How to Learn From Customer Churn (And Make Your Business Better)
Your ex-customers represent a huge opportunity to improve your business. Here’s how.
“I don’t believe in you.”
While it might not be what their emails actually say, every time a customer leaves us for a competitor, I replay the voices of those who have always told me that I wasn’t good enough.
Frankly, it sucks.
It’s always sucked, and it always will suck.
Our team works insanely hard every day to build the best customer service software on the planet, and seeing people love the product creates an incredible euphoria; validation that what we’re doing is working.
But when someone rejects our hard work?
It just sucks.
This isn’t a post about how you should embrace customers leaving, or be happy about it. That argument can be made, but it’s not how I feel.
Instead, today I want to talk about how I deal with losing customers, and most importantly, how I learn from it and get better.
How to Leverage Customer Churn to Improve Your Business
There isn’t a business in the world with more than a handful of customers—that I know of—that experiences zero churn over the long term.
You’ll always have customers leaving, and the larger you grow, the more customers will leave (if your churn rate stays the same).
Reducing churn is a massively important undertaking for most of us, and it’s something we’re doing a lot of work on (more on that in another post).
But no matter how hard you work at it, you’re still going to lose some customers.
It’s a fact of life in this—or any—business.
And if you want to succeed, you’ll need to learn how to leverage that churn into making your business better.
Understand WHY Your Customers Are Leaving
Sometimes, customers leave because of their condition: they’ve outgrown your business, or they signed up before they were ready, or they’re going out of business.
There’s little you can do about reasons like that.
But much of the time, customers leave because of you.
- Your product didn’t address a particular need for them
- They ran into too many bugs or issues
- They didn’t get the service or customer success support that they wanted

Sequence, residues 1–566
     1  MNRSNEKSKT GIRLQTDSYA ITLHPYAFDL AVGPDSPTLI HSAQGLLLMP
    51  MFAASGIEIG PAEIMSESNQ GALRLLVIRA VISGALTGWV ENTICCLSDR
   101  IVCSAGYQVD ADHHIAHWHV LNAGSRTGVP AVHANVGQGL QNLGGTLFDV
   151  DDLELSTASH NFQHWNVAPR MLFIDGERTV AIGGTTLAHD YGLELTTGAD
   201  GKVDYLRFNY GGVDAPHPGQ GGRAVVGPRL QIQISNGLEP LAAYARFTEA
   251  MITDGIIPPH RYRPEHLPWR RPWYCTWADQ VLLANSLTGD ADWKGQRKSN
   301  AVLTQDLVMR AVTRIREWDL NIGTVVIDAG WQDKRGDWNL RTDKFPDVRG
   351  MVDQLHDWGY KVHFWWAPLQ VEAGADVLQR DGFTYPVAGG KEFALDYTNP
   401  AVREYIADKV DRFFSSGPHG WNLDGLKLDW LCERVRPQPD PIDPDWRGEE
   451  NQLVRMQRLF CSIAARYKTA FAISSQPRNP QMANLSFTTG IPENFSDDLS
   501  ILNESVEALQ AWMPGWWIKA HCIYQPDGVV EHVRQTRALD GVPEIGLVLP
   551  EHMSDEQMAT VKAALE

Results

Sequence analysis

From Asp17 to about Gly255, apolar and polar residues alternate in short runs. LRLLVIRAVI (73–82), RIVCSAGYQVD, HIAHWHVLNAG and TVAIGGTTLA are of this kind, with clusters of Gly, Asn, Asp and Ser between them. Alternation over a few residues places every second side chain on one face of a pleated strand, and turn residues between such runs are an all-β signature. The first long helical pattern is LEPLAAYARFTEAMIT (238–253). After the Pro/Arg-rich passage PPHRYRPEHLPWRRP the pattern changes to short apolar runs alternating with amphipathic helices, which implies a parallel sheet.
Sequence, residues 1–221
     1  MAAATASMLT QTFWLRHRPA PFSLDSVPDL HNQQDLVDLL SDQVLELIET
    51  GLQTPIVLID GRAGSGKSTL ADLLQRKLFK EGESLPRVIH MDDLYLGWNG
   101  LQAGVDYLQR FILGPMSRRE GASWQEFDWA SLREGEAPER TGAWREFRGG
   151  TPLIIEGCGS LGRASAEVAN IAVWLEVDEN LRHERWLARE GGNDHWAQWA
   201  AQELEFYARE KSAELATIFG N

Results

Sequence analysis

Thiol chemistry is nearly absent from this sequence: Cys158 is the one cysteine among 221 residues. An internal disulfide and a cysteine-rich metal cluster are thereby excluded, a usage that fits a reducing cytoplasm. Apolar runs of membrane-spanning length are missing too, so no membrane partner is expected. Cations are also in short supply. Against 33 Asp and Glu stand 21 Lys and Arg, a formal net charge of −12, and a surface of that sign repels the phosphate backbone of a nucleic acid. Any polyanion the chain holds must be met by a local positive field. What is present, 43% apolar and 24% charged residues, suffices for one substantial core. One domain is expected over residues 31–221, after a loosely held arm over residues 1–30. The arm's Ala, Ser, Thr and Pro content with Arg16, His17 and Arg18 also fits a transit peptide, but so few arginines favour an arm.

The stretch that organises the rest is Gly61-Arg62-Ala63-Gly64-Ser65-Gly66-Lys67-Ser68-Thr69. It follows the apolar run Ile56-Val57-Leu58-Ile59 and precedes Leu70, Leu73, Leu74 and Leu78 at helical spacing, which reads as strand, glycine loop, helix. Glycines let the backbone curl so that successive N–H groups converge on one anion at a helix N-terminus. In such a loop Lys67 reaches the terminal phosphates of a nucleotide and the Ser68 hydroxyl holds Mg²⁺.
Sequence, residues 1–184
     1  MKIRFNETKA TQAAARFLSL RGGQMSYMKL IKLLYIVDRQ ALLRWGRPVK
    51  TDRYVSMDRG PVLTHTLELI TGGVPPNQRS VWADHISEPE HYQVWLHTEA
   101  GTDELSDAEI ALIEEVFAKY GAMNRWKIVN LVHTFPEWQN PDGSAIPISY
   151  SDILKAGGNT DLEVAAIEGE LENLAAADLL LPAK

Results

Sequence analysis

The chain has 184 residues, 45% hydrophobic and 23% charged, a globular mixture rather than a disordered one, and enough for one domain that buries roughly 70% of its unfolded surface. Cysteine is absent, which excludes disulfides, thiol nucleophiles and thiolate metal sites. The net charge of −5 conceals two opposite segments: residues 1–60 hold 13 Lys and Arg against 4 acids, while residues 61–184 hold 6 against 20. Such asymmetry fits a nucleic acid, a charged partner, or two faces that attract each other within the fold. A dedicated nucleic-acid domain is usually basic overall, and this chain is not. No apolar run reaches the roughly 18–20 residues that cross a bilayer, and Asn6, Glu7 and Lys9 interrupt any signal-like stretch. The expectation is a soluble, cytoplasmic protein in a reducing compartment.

- You failed to prove why you’re better than a competitor
These are all things that you can do better, if you choose to prioritize them (more on that later).
How do you actually pinpoint the reasons your customers are leaving?
It’s probably simpler than you think: all you have to do is ask.
The Customer Exit Survey
At first, we had no system in place for collecting feedback from customers who closed their accounts.
But after seeing it from countless apps I signed up for and canceled, I decided to give customer exit surveys a try.
We studied dozens of surveys and put together one of our own.
It’s a personal email with just a single question:
Not only did this perform multiple times better than other scripts we tested—including multiple choice surveys—but it gets a nearly 14% response rate.
That’s 14% of our ex-customers, who aren’t even doing business with us anymore, still taking the time to respond and help us do better.
We’ve gotten some incredible insights from this email.
Specific bugs that our active customers weren’t telling us about.
Hang-ups in our user experience that we didn’t catch.
Workflow inefficiencies for use cases that we had never considered.
To figure out what to actually improve on, it’s important to track the responses you receive and identify trends.
We track trends using Groove labels.
But you can do this using Gmail labels, Trello, or even a simple spreadsheet that documents your known issues and has a column for tallying the number of responses that center on each issue, as well as the ex-customer name and email address who reported the issue.
Doing this will help you understand what you’re losing the highest number of valuable customers to, so that you can act accordingly to fix what’s hurting most.
And once you do, then you can act on it.
You might also find useful:
Winning Customers Back After They’re Gone
The reason it’s important to track not just what’s causing your customers to leave, but who left due to each particular issue, is because it’s a massive opportunity to win those customers back later on.
We did this with a recent feature release, when we launched our Olark integration.
We reached out to the dozens of customers who have cited the lack of live chat as their reason for leaving.
This simple exercise took us less than an hour, and netted us more than a handful of re-engaged customers.
How to Apply This to Your Business
Customer churn is an inescapable reality. It hurts, and I don’t know of any way to make it hurt less.
At the same time, it’s also a huge opportunity to get better.
I hope that this post helps you leverage that opportunity and grow your business.